I’m delighted to announce that I signed a Lexington Books contract for Media Marathoning: Immersions and Morality. I’m currently revising in response to peer feedback. The book may even be in print by the end of this year.
I look forward to kicking off a scholarly conversation about media marathoning. In 2013, the popular press exploded with stories on binge-watching, but scholarship hasn’t kept pace. I’ve enjoyed reading about binge-watching in various online and print media outlets; however, I have been frustrated by their focus on television content, television distribution, and television executives. My book captures marathoners’ immersive interactions with television, books and film. And, instead of taking a top-down approach to the subject, I capture the voices of the marathoners themselves.
Drawing from four years of systematic research into media marathoning, my book answers the following questions: How are people marathoning? Why are they marathoning? What are they marathoning? And what do commonly-marathoned texts offer to their readers?
I answer the first two questions by analyzing over 500 typed pages of marathoner discourse gathered through interviews, surveys, and journals. This book argues that these intensely engaging texts forge a liminal space between lived experience and fictive world that enables readers to negotiate the nuances of morality. I liken the marathon experience to the journey through the wardrobe (of the C. S. Lewis variety): just as traversing the wardrobe’s threshold transports the Pevensie children between the Professor’s English home and Narnia, the marathon experience is the conduit through which the discourses of real and fictive worlds come into contact.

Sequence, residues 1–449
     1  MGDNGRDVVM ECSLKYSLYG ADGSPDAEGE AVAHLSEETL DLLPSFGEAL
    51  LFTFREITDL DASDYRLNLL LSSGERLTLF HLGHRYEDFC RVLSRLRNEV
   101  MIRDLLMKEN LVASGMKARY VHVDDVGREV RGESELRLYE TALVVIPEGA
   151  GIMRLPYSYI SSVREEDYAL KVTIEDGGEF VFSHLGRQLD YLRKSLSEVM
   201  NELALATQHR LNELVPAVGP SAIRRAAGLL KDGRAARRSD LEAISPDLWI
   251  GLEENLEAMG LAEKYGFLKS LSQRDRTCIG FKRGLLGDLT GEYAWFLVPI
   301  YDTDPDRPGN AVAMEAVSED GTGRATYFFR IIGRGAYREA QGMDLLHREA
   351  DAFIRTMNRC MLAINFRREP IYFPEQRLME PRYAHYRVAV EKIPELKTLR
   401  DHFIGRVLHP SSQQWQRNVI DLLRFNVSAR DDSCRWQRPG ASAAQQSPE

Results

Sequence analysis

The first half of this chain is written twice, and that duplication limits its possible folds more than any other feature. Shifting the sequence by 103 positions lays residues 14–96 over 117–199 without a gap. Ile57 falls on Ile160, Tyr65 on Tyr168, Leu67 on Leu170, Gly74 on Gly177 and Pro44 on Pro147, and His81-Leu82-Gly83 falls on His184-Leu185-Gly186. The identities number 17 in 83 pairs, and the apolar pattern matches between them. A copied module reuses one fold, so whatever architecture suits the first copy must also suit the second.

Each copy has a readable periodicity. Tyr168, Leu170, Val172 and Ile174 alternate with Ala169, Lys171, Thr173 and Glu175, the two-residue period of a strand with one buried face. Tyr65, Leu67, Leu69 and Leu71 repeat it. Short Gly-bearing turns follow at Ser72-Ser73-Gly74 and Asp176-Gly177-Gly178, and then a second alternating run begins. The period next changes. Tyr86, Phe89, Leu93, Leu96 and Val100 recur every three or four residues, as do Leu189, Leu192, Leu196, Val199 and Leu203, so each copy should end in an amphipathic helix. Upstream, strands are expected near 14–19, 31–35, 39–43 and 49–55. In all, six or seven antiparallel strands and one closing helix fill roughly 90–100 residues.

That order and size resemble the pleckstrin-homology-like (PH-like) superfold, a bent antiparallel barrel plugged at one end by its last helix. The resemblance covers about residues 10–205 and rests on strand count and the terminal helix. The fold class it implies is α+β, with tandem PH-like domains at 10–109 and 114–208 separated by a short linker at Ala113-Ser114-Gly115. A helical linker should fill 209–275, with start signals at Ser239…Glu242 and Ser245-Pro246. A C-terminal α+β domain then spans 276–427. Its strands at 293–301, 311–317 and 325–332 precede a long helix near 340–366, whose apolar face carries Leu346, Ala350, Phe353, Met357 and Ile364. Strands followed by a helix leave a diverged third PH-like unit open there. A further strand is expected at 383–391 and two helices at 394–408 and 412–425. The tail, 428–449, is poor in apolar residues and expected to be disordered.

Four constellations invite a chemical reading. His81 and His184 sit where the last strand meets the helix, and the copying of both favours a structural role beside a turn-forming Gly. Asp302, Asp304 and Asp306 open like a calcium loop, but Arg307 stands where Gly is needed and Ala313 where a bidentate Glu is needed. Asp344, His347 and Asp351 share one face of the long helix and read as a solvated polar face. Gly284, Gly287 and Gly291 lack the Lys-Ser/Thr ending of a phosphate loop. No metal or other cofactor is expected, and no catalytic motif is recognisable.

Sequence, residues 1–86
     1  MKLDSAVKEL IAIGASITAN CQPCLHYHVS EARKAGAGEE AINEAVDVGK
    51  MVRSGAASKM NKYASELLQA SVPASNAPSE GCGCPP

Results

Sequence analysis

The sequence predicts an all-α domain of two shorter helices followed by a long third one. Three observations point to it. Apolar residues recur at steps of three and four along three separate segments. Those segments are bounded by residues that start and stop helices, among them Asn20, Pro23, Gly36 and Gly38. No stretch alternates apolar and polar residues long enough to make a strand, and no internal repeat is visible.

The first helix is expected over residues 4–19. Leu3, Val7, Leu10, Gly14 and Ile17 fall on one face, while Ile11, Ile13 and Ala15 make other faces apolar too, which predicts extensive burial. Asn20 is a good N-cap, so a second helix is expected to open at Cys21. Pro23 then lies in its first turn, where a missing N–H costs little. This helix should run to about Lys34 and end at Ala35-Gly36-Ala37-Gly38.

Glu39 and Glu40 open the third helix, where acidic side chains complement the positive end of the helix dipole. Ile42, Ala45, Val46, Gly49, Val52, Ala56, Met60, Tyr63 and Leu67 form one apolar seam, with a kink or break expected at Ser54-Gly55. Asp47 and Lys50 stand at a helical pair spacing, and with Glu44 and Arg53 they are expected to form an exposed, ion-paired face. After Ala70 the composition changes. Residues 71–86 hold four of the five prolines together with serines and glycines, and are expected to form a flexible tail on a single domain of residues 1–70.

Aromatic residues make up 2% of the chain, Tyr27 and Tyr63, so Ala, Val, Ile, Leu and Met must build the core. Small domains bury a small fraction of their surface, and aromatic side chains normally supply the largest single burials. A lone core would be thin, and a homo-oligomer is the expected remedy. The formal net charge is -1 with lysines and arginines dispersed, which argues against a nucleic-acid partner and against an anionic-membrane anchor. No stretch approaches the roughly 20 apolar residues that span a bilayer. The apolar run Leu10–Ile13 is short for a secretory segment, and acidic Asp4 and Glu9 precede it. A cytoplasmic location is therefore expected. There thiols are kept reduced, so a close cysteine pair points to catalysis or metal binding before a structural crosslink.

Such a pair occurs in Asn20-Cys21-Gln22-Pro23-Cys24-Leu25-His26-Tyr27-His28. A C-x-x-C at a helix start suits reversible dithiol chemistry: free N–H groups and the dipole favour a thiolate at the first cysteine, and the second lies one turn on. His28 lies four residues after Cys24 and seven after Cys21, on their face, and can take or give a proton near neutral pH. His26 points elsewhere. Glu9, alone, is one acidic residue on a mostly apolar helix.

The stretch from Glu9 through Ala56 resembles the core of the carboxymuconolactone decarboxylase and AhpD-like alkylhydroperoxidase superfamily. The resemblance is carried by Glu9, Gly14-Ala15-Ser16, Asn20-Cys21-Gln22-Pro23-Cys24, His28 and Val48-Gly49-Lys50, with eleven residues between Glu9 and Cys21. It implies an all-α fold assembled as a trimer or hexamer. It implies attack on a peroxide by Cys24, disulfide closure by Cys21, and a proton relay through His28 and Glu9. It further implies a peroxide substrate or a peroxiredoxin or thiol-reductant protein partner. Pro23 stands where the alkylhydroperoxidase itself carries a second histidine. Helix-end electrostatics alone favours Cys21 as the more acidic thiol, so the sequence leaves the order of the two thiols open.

In order to understand why people were more drawn into certain stories over others, I took notes on dozens of series consumed by five or more marathoners. My analysis of commonly marathoned texts reveals that the theme of morality ties these stories together. (See the Table of Contents, specifically Chapters 5-12 for list of topics.)
Although many of the marathoned texts are from the science fiction or fantasy genres, repeated character types and themes cut across both genre and medium, suggesting that these story elements are uniquely located within the constellation of commonly marathoned texts. In the character chapters, I draw connections between Magneto and Christian Grey, Katniss Everdeen and Luke Skywalker, Arwen Evenstar and Sheriff Woody, Agent Smith and Gossip Girl, Barney Stinson and Dumbledore, among other unusual pairings.
If this post and my blog have succeeded in piquing your curiosity, I hope you’ll pick up the book. Take the journey with me to learn about the cultural impact of media marathoning, the new normal of media consumption.